The COVID-19 pandemic has shown us just how important it is for all countries to have strong health systems that provide the entire population with quality services when and where they need them.
This year we have seen the tragedy that strikes when health facilities are overwhelmed by a new, highly infectious and often deadly disease – and when the effort to address that emergency means that systems are so stretched they can no longer provide other essential services such as cancer screening, routine immunization and care for mothers and babies.
We must do far more if we are to reach our goal of achieving universal health coverage by 2030.
This means spending more on health. But it also means spending better, from protecting health workers and strengthening infrastructure to preventing diseases and providing healthcare close to home, in the community. Investments in health systems also improve countries’ preparedness and response to future health emergencies.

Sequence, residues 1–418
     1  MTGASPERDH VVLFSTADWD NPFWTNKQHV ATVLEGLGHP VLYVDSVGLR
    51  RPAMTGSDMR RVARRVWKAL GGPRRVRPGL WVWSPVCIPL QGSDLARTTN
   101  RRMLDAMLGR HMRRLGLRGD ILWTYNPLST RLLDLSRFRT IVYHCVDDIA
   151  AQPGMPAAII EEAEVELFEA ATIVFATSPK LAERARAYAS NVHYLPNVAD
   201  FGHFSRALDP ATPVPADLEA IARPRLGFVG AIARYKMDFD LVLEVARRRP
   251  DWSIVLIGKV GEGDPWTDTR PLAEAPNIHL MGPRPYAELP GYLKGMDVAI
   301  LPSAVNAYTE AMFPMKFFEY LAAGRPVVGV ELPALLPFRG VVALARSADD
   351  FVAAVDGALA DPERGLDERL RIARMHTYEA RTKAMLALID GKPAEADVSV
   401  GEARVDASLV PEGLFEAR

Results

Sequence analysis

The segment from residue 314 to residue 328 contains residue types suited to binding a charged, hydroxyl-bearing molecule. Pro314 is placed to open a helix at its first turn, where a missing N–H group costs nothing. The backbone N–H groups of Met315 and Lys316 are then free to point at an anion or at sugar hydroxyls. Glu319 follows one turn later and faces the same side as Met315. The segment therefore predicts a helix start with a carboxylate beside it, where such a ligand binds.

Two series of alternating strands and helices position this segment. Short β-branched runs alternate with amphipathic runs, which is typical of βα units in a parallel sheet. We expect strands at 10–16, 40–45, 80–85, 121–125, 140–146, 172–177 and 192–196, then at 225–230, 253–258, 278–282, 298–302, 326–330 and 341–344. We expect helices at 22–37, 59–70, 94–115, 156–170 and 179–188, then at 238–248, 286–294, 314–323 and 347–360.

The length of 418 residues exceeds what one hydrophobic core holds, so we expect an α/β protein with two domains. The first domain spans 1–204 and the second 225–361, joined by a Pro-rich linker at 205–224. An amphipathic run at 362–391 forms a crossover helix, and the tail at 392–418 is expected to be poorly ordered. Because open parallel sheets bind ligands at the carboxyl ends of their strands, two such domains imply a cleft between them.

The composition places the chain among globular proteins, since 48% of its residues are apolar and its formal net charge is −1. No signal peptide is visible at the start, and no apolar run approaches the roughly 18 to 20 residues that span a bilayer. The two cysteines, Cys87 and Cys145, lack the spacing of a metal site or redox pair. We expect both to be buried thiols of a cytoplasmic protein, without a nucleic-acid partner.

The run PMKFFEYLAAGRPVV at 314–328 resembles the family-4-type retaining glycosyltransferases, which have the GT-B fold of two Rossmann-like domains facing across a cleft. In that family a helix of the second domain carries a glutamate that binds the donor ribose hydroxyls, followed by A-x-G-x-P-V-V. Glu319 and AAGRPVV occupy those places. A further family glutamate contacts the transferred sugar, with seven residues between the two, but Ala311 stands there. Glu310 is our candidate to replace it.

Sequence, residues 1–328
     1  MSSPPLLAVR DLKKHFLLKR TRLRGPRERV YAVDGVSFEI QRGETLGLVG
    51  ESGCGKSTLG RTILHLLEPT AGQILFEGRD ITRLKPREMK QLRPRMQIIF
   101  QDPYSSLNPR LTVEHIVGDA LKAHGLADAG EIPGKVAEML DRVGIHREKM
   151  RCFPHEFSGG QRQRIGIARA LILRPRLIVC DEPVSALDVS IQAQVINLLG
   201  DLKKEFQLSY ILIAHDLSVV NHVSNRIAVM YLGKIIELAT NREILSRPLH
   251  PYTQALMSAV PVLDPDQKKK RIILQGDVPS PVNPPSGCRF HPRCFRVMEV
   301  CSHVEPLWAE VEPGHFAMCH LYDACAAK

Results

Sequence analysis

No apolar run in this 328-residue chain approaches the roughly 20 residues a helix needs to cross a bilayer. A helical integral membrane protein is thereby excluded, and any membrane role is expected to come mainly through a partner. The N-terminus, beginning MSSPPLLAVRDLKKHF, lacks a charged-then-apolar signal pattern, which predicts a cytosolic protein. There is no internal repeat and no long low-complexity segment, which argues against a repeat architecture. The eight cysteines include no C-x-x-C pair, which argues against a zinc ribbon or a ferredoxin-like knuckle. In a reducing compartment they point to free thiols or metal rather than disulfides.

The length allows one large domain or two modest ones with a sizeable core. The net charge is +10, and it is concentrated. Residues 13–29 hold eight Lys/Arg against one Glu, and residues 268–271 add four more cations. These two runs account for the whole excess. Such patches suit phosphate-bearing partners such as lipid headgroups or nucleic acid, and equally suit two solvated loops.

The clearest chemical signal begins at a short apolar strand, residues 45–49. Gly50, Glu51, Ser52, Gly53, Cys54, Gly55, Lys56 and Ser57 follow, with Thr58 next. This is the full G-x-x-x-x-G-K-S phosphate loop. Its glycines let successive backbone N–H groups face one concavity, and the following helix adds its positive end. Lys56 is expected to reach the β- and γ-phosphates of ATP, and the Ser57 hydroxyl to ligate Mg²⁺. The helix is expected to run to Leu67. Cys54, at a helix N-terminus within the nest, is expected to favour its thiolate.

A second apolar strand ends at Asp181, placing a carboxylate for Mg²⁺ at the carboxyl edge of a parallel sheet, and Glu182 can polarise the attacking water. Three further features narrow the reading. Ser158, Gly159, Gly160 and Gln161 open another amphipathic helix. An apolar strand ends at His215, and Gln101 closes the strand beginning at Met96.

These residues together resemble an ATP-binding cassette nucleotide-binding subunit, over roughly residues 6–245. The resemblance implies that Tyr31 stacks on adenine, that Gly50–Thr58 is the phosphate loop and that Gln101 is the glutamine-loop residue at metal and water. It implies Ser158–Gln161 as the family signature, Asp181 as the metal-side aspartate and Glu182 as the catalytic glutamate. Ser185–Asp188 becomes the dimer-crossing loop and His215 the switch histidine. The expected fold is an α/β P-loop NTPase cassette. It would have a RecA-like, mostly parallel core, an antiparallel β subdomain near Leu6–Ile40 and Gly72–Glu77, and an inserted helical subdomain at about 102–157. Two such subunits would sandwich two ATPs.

Health emergencies have disproportionate impacts on marginalized and vulnerable populations. As new COVID-19 vaccines, tests and treatments become available, they must reach all those who need them. This year’s pandemic has shown us that no one is safe until everyone is safe.
In responding to the pandemic, we have seen rapid innovative approaches to health service delivery and models of care, and advances in preparedness. We must learn from this experience.
For Universal Health Coverage Day, let us commitment to end this crisis and build a safer and healthier future by investing in health systems that protect us all — now.